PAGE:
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Author Archive: Hans Durrer

About Hans Durrer

Hans Durrer is an author and addiction counsellor based in Switzerland. www.hansdurrer.com/, 12-step-addiction-treatment.blogspot.ch/. Two of his books are in English: Ways of Perception, Bangkok 2006; Framing the World, Houston 2011.

Book Review: The Pines by Chuck Hemard

I’ve recently started to look at trees and, in no time at all, have become increasingly fascinated by the many shapes and forms in which they happen to inhabit planet earth. Hence my interest in this tome by American photographer Chuck Hemard who, I learn from the press release, “grew up in the middle of […]


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Book Review: The Good Fight by Rick Smolan and Jennifer Erwitt

Until very recently (until the Trump-phenomenon, that is), I took democracy and what it implies (equal rights, for instance) somehow for granted. Sure, I knew that women do not get equal pay for the same work as men do and, needless to say, I was also aware of the fact that real democracy nowhere really […]


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Book Review: I, Oblomov by Ikuru Kuwajima

I can’t always say why a certain book arouses my interest. In the case of “I, Oblomov”, I believe it was the press release that stated that “Ikuru Kuwajima explored the post-Soviet space of Russia, Ukraine, Kazakhstan, Kyrgyzstan through the lens of ‘oblomovism’”. Since these are countries I haven’t visited but have seen numerous pictures […]


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Book Review: Nicholas Nixon Edited by Fundación Mapfre

Forty Portraits in Forty Years by Nicholas Nixon is one of the most impressive, and touching, documentary projects I’ve ever come across for it makes me see, and feel, a reality that I’m rarely aware of. The passing of time, that is. This series had such a strong impact on me that I’ve never really […]


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BOOK REVIEW: The Potemkin Village by Gregor Sailer

Legend has it that the “Potemkin Village” originated in an effort by Russian Field Marshal Grigory Aleksandrovich Potemkin “to conceal from Empress Catherine the Great the shabby state of the villages in the recently annexed territory of Crimea in 1787. Walter Moser, Chief Curator for photography in the Albertina, Vienna, one of the contributing writers […]


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Book Review: The Outsider by Elizabeth Heyert

I love the concept of this book and do think it an excellent idea to photograph people who take photographs of other people – and felt instant sympathy when glancing through the pages of this tome. Very probably because I have taken such pictures myself. And also, because these photographs show the ones portrayed as […]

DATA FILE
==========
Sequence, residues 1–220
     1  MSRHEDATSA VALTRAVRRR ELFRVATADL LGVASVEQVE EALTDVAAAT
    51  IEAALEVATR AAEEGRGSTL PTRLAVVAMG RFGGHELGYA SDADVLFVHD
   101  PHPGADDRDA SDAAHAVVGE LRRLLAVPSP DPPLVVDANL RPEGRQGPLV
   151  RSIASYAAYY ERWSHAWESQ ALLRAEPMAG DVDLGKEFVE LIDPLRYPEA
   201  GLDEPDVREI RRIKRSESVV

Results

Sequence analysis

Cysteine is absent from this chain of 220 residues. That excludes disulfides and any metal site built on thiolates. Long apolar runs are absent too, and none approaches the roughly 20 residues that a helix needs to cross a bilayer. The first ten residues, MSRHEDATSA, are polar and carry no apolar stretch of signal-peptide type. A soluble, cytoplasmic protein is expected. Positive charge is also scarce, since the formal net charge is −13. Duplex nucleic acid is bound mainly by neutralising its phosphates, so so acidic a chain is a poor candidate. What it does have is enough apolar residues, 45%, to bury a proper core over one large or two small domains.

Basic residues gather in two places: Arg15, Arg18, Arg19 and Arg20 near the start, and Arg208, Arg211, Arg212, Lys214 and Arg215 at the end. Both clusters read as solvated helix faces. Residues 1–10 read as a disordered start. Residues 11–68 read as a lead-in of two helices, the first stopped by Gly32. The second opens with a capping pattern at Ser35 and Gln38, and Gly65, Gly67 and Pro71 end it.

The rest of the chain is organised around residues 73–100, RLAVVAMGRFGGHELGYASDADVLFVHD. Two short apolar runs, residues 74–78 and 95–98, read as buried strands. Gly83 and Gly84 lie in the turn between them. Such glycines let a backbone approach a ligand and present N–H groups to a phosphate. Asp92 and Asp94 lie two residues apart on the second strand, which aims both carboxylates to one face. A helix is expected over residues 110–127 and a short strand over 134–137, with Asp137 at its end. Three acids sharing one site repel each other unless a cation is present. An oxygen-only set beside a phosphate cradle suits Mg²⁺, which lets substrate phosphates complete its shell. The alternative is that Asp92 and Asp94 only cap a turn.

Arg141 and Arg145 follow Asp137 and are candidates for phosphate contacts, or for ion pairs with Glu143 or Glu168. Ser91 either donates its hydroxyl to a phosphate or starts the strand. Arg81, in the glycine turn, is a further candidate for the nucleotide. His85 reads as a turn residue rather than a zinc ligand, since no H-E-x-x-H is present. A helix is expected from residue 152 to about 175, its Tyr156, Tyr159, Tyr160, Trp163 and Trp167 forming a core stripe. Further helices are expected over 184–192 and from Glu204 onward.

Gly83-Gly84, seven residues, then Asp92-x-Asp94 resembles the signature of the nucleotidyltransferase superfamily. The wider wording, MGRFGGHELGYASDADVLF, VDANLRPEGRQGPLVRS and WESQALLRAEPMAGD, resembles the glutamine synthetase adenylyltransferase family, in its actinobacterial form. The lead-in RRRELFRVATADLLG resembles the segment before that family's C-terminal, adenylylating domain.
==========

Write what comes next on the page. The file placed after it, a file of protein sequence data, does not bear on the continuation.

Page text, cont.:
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Book Review: Svalbard – An Arcticficial Life by Julia de Cooker

Svalbard – An Arcticficial Life by Paris-based Julia de Cooker, born 1988, a French/Dutch photographer, educated at ECAL, the School of Art and Design in Lausanne, Switzerland, portrays an archipelago in the very north of mainland Europe. According to Wikipedia, Svalbard, a Norwegian archipelago in the Arctic Ocean, about midway between continental Norway and the […]


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Book Review: The Human Cost of Agrotoxins by Pablo E. Piovano

This tome documents the catastrophic consequences of inconsiderate use of agrotoxins by Monsanto in the Northeast of Argentina over twenty years, mainly congenital malformations. But there are also other kinds of sufferings that are not readily visible: miscarriages and cancer, as photojournalist Pablo E. Piovano, born 1981, states. Unsurprisingly, most media rarely write about it. […]


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Book Review: The Best of LensCulture Vol. 1

“How to discover the best practitioners worldwide amidst our image-filled cultures of the 21st century?”, Jim Casper, the Editor-in-Chief of LensCulture, asks in his introduction. “Our editorial team scours the globe – attending festivals, portfolio reviews, exhibitions and graduation shows – in search of new and developing talents. And each year, we organize four annual […]


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Book Review: Destino Final by Giancarlo Ceraudo

From 1976 until 1983 Argentina was held hostage by a military dictatorship. Approximately 5,000 opponents of the brutal regime were put on planes and thrown into the sea. “They were unconscious: we undressed them and when the captain of the flight gave us the order we opened the door and threw them out, naked, on […]


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